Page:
1. IMHO, we’ve already given Square at least 5 last chances (X-2, XI, XII, XIII, and XIV). And as I said in my post below, I think it is the people, not the corporate trademark, that deserve another chance. In this case, those people are Sakaguchi and Uematsu, among others. SE will never be able to re-assemble the Dream Team, and change the world as they did before, because people like Sakaguchi left Square for a reason, and don’t want to return. Mistwalker on the other hand….well I can hope at least, can’t I?

  3. I guess I’m the only one that liked Crises Core (I like Dungeon Crawlers, currently replaying .Hack).

    The problem with Square Enix is not Final Fantasy. You can ignore the numbers of final fantasy, since each numbered title is a brand new adventure with a brand new system with a brand new world.

    The problem is the Square Enix developers. They have a really hard time making top teir RPGs any more, especially the kind that the fans want to play.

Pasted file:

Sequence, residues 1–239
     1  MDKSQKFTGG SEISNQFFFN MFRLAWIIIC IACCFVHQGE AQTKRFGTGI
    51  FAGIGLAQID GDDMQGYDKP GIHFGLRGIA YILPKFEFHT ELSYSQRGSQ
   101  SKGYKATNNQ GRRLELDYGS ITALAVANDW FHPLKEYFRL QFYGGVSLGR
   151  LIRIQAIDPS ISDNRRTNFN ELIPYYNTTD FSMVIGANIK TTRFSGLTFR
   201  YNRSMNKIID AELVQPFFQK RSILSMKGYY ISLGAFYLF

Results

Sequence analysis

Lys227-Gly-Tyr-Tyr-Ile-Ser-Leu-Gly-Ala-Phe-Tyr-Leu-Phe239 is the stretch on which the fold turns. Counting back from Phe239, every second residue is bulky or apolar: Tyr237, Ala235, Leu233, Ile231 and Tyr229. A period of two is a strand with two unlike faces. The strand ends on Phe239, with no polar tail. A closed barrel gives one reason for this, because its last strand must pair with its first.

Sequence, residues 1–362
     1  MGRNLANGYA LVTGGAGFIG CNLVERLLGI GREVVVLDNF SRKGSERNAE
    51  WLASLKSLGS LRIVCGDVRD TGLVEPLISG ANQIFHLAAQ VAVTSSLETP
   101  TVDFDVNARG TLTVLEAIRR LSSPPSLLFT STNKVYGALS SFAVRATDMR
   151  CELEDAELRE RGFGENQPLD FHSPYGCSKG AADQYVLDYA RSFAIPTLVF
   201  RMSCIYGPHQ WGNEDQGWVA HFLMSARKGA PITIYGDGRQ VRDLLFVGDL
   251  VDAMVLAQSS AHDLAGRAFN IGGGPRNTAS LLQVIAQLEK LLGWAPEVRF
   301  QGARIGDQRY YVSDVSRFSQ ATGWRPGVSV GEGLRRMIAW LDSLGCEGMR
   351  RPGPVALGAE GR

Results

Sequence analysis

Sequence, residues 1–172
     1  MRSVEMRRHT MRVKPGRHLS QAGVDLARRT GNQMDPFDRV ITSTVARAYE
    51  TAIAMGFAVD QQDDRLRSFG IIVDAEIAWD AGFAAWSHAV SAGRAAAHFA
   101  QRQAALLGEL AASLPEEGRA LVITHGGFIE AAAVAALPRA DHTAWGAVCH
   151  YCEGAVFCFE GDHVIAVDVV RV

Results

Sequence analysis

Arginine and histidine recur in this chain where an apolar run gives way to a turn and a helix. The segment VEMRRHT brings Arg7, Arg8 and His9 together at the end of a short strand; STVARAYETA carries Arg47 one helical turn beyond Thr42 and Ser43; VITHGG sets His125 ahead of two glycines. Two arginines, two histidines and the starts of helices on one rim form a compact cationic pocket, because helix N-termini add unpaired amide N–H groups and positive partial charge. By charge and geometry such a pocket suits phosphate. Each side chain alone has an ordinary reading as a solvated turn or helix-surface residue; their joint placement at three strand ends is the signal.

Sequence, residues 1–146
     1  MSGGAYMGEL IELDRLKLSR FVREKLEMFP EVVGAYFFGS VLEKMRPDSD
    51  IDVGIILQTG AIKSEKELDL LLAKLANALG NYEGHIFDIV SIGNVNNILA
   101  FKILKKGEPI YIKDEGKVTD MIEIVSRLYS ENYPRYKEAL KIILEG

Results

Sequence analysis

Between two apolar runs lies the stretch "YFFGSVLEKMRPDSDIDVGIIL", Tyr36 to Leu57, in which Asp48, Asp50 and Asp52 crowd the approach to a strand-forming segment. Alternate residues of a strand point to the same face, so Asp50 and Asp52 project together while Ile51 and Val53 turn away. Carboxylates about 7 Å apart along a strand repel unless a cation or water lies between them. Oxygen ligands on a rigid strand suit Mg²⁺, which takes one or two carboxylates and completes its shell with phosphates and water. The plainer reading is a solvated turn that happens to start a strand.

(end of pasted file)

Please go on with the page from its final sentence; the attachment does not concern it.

Front Mission is a great example. The Front Mission series has been SRPG gameplay with a cool futuristic military story. So what would be the worst thing to do to the series’s fans… create a clone of Armored Core in the form of Front Mission Evolved.

    They just dont get it. The only thing that is saving SquareEnix from completely flopping is dwindling numbers of devoted fans, the great titles that came from Eidos, and the publics hope that Square might actually be able to get back to their old form.

    I’ve already given up hope, FFXIII was the final staw for me. I’ve moved onto Atlus and Majesco (still not a fan of NIS).

    1. I knew I would get flack over Crisis Core as soon as I wrote it, but I stand by my statement :)